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“A large fire was made in a depression in the sand, and stones and shells were heated. Small green branches were placed on top of the stones and the wallaby was flung on these. After 5-10 minutes it was taken off the fire, placed on a layer of green leaves, and the singed fur was removed with a tomahawk. The first cut was made horizontally on the ventral surface at the level of the anus, and the next on the dorsal surface along both sides to sever the leg muscles. Another cut was then made from the anus to the neck. The viscera were pulled out; and the kidneys, liver, heart and lungs, and the omental and mesenteric fat were separated from the rest, and cooked [directly] on the hot stones and coals for 5 minutes [Editorial note: allowing the fat to seep into the fire]. The cooked lungs were used to soak up the blood inside the carcass and then eaten. The offal was regarded as a delicacy by everybody and a certain amount of squabbling always followed its distribution. The tail was cut off, and during the cooking was put on or alongside the body. The carcass was laid flat, dorsal side downwards, on the hot stones and ashes and the body cavity was filled with hot stones. Sheets of paperbark formed a cover over the animal, and sand was scooped out to make an oven. Wallabies weighing 15-20 pounds were cooked for 25-35 minutes. Everything edible was eaten except the stomach and intestines. The skull was cracked open to get the brain, and the bones were broken to extract the marrow.” [Source: Anthropology and Nutrition, vol. 2 of Records of the American-Australian Scientific Expedition to Arnheim Land, ed. C.P. Mountford (Melbourne: Melbourne University Press, 1960).]
“Roasting, baking, and steaming (water is poured over hot stones as at a Polynesian luau) are techniques used by recent hunters and gatherers and are probably ancient. While all cooking procedures affect the nutrient content of food, these traditional techniques are relatively healthful. Baking and roasting reduce the fat content of meat [note: so long as you don’t retain fat of juices] while steaming (in contrast to boiling) minimizes vitamin loss. Furthermore, none of these methods add fat. Recently studied hunters and gatherers do not fry their food, chiefly because they lack appropriate cooking vessels….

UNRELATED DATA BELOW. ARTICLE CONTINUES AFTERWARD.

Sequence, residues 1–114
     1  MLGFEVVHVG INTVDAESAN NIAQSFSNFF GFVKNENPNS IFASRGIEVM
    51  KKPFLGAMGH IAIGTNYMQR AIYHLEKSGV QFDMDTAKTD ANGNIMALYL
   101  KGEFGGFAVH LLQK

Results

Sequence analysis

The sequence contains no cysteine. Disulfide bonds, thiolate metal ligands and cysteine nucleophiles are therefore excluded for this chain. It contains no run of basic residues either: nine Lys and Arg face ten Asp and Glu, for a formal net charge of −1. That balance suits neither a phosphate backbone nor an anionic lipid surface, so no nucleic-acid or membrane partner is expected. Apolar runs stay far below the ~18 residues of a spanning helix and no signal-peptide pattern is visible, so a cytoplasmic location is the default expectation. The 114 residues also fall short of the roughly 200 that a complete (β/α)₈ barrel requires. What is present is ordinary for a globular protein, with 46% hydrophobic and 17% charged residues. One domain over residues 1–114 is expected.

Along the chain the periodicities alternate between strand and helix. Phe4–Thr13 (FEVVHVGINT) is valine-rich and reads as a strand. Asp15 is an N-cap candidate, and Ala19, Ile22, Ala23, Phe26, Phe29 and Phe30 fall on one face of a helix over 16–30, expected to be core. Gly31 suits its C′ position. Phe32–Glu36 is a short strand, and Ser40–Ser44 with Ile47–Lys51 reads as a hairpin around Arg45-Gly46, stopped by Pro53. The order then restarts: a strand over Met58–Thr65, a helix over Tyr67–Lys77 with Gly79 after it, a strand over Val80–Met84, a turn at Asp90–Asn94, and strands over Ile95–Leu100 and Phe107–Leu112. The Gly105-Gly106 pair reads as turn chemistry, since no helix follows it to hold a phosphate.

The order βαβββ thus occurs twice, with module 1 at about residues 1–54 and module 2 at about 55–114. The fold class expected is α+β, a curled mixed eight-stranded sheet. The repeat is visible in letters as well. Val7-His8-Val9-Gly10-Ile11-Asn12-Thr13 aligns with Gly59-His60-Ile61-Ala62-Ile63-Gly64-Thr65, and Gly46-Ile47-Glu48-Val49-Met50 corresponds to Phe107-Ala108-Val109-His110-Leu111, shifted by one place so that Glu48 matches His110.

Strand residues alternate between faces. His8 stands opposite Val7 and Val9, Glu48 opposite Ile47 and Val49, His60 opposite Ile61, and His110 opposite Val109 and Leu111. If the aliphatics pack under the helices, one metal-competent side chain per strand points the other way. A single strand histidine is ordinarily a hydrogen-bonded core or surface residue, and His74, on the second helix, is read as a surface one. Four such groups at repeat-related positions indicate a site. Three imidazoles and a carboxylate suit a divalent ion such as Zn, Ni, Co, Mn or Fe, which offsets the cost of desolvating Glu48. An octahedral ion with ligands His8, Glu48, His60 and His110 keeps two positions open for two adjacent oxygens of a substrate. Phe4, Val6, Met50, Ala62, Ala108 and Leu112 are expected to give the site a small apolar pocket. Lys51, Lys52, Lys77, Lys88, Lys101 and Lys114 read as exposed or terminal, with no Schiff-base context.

“Nonstick pans should be used to cut down on fat or oil. Or, oil can be spread lightly with a paper towel. Vegetable oil sprays now available achieve the same result mechanically….
“With poultry, remove skin and visible fat. Defat gravies with a bulb syringe or skimmer.”
“Late paleolithic humans must have obtained, on average, between 20 and 25 percent of their calories from fat. Of this, polyunsaturates exceeded saturates; a typical P:S ratio might have been 7:5 (which can also be expressed as P:S = 1.4:1).”
“Between 1910 and 1976, the consumption of fats in the United States increased by about 25 percent so that, currently , fat makes up about 42 percent of the calories consumed by average Americans. Of this fat, more that twice as much is saturated as polyunsaturated. This level of fat consumption is unprecedented in human evolutionary experience, and results in diseases that kill us, but that are uncommon in countries where fat represents a much smaller proportion of the diet. In rural Japan, for example, only 10 to 12 percent of daily calories come from fat (with a P:S ratio of approximately 1:1) and the prevalence of coronary heart disease among the Japanese is only a small fraction of ours.”